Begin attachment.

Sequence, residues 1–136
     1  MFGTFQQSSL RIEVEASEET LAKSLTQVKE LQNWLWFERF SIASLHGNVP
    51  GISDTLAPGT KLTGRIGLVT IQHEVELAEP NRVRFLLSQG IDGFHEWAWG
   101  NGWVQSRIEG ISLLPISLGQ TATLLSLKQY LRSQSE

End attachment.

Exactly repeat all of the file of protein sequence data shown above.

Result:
Sequence, residues 1–136
     1  MFGTFQQSSL RIEVEASEET LAKSLTQVKE LQNWLWFERF SIASLHGNVP
    51  GISDTLAPGT KLTGRIGLVT IQHEVELAEP NRVRFLLSQG IDGFHEWAWG
   101  NGWVQSRIEG ISLLPISLGQ TATLLSLKQY LRSQSE